There are many reasons why I would prefer to be a lawyer rather than a doctor. The most important is that law is of immediate use and concern to everybody. There is a basic dictum that everybody is expected to know law and ignorance of law is no excuse. As a matter of fact, law is distinct from all other disciplines of knowledge. No person is expected to know medicine or mathematics or music etc. Ignorance in these fields can be a valid excuse in relevant situations. This single factor is, in a way, reason enough in favour of law. However, there are other more mundane reasons. Law makes one aware of one’s legal rights and duties, the knowledge of which is the backbone of citizenship in a democracy ruled by law. Law is what empowers. Doctors are highly knowledgeable in their own profession. They are eminent brain specialists and heart surgeons. But, as a class, doctors are ignorant of law, their own legal rights and the legal remedies available for their grievances. It deeply pains me to see resident doctors in different states of India frequently going on strike for their just demands, constantly ignored by the government, only to withdraw the strike when threatened by the government of punitive action. It is a pity to see them meekly retract their protests without having the wisdom and courage to take the legal route for getting their just grievances redressed.

Before I end, I must recount some of my views as regards medical malpractice. I am happy to practice as a lawyer in the specialty of medical negligence because I am able to render a unique service to both the doctors and the patients. I am able to defend doctors against an allegation of medical negligence like nobody else can. Ordinary advocates, lacking in knowledge of medicine, are often unable to marshal facts fully, appropriately and strongly in the defence of doctors. Even when such facts are given to them by their client, the doctor, they are unable to appreciate these and, what is of crucial importance, to make the court appreciate these properly during the course of arguments. On the other hand, I am able to make a cast iron case against a doctor when I am engaged by a patient who has suffered negligence. It is important to keep in mind that it is often not possible for patients to find evidence against doctors because neither they nor their lawyers know medicine, while other doctors are unwilling to testify against their own colleagues.

Finally, I would like to end by telling about an instance of medical negligence that is so gross that it is inexcusable. The astonishing part is that though hundreds of doctors to whom I have recounted this have agreed that it is just unimaginable how a doctor could ever do it, the doctor concerned, an MD in anaesthesia, insisted that he had done no wrong. A seventy year old man was undergoing an arthroscopic examination of his knee by an orthopedic surgeon. The procedure was being conducted under anaesthesia. The anaesthetist noted that the heart beat had developed some irregularity and thought that this was due to a condition called pulmonary hypertension. As a remedial measure, he injected into his veins five grammes of a drug called furosemide or Lasix, giving one gramme every two minutes over a span of ten minutes. The patient’s condition worsened, he was taken to a heart hospital nearby and there he expired within 45 minutes of giving the injection. The lamentable part was that he was given 5000 mg. of the drug while the proper dose should have been 20 to 40 mg. The patient was destined to die with a dose 125 times the permissible dose. Yet, when I talked to the anaesthetist later, he refused to accept his mistake and insisted that he had done no wrong and had, in fact, given even higher doses to patients. When I asked him when and where, his proud answer was that he had given such dose to soldiers in Leh (height about 17000 ft.) for treatment of high altitude pulmonary edema. It was no use telling him that I had also served in the army as a doctor and that this patient was not a 20 year old soldier and Delhi had an altitude of 672 ft. He was determined to give the same treatment to his next patient!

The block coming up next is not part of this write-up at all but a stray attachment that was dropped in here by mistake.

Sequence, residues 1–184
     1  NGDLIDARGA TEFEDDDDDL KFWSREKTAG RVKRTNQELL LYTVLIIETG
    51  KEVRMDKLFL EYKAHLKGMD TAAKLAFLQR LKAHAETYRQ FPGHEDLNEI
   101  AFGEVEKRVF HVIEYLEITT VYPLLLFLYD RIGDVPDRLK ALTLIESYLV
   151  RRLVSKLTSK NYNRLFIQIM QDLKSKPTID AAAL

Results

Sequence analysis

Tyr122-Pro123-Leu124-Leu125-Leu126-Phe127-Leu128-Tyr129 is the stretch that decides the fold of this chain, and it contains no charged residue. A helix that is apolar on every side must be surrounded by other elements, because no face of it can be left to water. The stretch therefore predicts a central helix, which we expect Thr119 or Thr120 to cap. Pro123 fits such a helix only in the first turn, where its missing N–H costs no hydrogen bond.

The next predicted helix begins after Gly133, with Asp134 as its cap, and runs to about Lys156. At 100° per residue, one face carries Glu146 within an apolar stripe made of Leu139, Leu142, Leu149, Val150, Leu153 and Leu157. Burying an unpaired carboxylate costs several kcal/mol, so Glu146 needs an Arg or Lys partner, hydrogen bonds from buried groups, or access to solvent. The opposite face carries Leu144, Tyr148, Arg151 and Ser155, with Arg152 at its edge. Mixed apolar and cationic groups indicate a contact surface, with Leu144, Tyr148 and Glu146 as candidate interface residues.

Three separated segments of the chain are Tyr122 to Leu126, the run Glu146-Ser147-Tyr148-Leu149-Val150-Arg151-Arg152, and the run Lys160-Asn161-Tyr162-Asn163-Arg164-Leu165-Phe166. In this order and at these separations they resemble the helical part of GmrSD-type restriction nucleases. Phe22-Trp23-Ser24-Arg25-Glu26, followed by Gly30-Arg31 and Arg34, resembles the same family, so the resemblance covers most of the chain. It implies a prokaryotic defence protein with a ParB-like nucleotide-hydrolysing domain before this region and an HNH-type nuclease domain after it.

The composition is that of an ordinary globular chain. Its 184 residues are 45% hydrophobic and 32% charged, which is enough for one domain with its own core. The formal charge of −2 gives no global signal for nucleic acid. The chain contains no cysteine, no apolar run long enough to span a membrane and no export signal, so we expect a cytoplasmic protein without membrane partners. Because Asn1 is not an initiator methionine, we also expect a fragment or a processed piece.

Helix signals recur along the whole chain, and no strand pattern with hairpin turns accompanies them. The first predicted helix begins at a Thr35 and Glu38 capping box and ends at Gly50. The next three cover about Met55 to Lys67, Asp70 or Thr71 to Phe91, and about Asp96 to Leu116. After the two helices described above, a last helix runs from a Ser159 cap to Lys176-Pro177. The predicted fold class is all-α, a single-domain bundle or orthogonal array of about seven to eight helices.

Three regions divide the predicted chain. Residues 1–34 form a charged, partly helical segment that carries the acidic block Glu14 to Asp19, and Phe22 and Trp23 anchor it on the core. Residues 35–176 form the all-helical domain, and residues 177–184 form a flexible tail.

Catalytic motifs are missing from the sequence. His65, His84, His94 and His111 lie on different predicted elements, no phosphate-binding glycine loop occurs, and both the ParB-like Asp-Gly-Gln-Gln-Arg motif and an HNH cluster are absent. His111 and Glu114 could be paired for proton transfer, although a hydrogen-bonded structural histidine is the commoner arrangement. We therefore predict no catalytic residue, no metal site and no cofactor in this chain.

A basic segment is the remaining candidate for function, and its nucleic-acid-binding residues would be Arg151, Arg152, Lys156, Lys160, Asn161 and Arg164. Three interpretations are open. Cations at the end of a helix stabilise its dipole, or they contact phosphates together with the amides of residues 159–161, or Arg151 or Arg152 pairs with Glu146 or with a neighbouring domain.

The above example, from a different angle, illustrates the peculiarities of practicing as a medico-legal advocate. In this case, I was appearing for the doctor and my job was to defend him. My conversation with him was unofficial, on the phone. Officially, it was the job of the complaining party to prove negligence. Had the complainant alleged negligence due to wrong dosage of the drug, I would have probably not been unable to defend the doctor. But the medical aspects like dosage and ill effects of wrong dosage were not known to the complainant and my job was to help my client, who happened to be the doctor.

In the end, I would say that at 68, I am fully satisfied with my current profession as a lawyer and medico-legal consultant. Let not the above example convey an impression that I am anti-patient or pro-doctors. I have won cases for patients, against doctors, that no other lawyer could possibly have won. As a lawyer, I am duty bound, under the Advocates Act, to defend my client, whether a doctor or a patient. And, therein lies the challenge and the beauty of my job. I have been steered by god’s will in whatever paths I have taken in life and I am grateful to Him.

M C Gupta
24 September 2009
© Copyright 2009 Dr M C Gupta (mcgupta44 at Writing.Com). All rights reserved.